Women are having a big impact on the housing market in Rochester, New York, and not in the traditional sense. The city has seen a sizable increase in the number of home development firms led by women.
According to a report from the Democrat & Chronicle, two of the seven homes recently shown at a showcase for a new subdivision development were built by companies led by women.
Some of the women entering home building are leaving high-level or well-paying positions elsewhere, seeing the opportunity in a rebounding industry.
As of June, home starts in the U.S. were up 7.5 percent year-over-year at a seasonally adjusted annual rate of 893,000, according to preliminary data from the Commerce Department.
One of the companies featured in the showcase mentioned above is Bella Homes, led by Kristi Dellaria. Dellaria started the company while working full-time as a mortgage broker. Back then, she was simply remodeling old homes and flipping them. Eventually though, her reputation spread and people building new homes began to seek her design skill.
Rick Herman, the CEO of the Rochester Home Builders’ Association says he and his members have taken notice at the increased number of women entering the industry. Herman says that since he joined the association 17 years ago, the number of women members has increased from one to seven. And while that number is still small, it still has the members talking.
While discussing the reasons construction companies should become early adopters of Google Glass, we mentioned that the much-talked-about device was worth exploring since it is a precursor to much more sophisticated technology.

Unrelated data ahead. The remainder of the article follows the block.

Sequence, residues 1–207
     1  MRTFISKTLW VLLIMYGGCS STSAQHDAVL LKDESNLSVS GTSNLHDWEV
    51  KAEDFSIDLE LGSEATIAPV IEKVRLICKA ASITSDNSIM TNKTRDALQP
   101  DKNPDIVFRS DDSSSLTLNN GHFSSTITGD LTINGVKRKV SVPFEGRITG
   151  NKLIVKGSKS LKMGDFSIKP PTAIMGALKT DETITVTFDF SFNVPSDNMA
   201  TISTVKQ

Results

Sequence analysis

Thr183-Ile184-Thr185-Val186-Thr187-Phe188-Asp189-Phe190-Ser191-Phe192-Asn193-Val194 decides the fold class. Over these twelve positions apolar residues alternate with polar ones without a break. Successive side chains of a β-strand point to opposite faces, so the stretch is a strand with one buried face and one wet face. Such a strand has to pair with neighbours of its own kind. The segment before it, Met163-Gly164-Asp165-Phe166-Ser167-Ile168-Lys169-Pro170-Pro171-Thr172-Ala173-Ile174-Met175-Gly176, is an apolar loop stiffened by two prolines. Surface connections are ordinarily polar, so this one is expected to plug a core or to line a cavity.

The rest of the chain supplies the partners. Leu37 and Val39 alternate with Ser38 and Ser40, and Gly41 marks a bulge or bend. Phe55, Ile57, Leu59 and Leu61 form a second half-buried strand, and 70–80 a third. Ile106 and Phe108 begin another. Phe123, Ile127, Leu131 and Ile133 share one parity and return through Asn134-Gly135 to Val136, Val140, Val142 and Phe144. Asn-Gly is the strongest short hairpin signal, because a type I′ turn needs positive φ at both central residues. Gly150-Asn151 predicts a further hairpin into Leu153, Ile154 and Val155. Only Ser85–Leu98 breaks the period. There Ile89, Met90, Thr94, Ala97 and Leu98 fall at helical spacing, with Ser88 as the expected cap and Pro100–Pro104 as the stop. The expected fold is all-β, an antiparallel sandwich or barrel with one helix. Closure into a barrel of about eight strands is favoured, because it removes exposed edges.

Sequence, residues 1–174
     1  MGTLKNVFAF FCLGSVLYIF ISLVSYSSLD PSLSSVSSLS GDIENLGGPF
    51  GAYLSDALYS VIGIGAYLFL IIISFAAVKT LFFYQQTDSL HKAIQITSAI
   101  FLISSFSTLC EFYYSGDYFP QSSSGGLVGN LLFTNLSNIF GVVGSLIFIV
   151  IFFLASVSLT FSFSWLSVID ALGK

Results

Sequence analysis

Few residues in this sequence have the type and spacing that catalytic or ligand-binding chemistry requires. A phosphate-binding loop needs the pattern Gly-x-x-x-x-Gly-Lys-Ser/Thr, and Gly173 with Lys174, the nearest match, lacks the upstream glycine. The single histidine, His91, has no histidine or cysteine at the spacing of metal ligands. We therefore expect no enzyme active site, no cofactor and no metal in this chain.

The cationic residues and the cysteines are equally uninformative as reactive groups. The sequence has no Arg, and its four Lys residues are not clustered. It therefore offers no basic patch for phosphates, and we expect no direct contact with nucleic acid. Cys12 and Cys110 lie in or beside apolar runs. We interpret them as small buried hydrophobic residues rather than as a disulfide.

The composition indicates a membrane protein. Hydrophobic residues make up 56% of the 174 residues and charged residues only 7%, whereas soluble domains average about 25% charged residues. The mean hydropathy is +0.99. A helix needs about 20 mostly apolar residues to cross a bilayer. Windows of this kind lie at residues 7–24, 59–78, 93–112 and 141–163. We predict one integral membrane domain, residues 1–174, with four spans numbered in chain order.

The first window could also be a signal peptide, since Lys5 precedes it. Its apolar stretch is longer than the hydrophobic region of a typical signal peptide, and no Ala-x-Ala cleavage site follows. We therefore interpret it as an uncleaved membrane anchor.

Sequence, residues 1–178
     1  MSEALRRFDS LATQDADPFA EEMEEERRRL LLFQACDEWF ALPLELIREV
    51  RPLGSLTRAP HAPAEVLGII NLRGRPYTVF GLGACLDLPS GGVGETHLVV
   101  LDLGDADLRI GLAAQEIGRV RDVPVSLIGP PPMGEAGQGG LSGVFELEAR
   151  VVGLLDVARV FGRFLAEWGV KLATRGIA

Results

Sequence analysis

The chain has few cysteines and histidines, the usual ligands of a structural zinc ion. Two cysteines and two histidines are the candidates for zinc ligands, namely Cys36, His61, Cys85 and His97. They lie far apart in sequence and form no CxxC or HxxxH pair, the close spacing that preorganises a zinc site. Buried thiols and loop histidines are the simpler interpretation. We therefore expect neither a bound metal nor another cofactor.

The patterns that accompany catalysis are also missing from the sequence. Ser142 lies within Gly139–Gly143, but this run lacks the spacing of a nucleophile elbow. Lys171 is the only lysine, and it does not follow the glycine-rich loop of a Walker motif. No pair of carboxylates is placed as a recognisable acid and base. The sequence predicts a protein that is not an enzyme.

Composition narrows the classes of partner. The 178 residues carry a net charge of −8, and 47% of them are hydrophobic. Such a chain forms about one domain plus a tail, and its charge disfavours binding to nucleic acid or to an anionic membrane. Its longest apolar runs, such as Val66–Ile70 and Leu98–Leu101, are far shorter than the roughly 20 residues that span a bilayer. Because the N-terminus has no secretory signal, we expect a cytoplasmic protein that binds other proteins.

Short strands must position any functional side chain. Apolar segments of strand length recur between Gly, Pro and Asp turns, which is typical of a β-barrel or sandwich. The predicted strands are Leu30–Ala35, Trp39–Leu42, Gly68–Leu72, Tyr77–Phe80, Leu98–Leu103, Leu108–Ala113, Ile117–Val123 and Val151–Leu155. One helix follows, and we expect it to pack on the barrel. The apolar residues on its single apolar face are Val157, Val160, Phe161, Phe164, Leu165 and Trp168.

Turns out, we were closer than we thought to those types of new devices as a startup company named Atheer has plans to launch a hard hat by the end of the year with capabilities much more impressive than Glass.
One of the biggest setbacks of Glass is that the information the device displays is relegated to a corner of your vision. According to a report from GigaOm, Atheer’s augmented reality hard hat, on the other hand, completely fills your vision by integrating the device’s display into safety glasses.
One second a worker is looking through the lenses of transparent glasses and the next, data is streaming into his vision through the glasses’ transparent display.
“They need to be doing something physical with their hands, … but also they need to look up data and share information with other people and get other people’s perspective on things,” Atheer CEO and Co-founder Soulaiman Itani told GigaOm. “Currently the best solution they have is they have these ruggedized tablets. They need to take it, scan something, maybe communicate, send images to someone back at the base and look up information, then put the thing down, try to do some work and pick it up again.”